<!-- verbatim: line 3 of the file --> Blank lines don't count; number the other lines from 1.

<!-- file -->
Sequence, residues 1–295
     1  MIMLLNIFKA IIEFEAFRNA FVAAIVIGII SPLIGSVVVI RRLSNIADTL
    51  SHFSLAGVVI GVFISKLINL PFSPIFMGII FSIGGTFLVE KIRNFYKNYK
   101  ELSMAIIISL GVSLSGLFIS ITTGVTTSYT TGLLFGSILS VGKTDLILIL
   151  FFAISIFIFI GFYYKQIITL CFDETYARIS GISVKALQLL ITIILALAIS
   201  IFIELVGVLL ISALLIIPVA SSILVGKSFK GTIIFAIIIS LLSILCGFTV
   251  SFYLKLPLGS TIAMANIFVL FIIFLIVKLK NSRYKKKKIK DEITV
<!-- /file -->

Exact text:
    51  SHFSLAGVVI GVFISKLINL PFSPIFMGII FSIGGTFLVE KIRNFYKNYK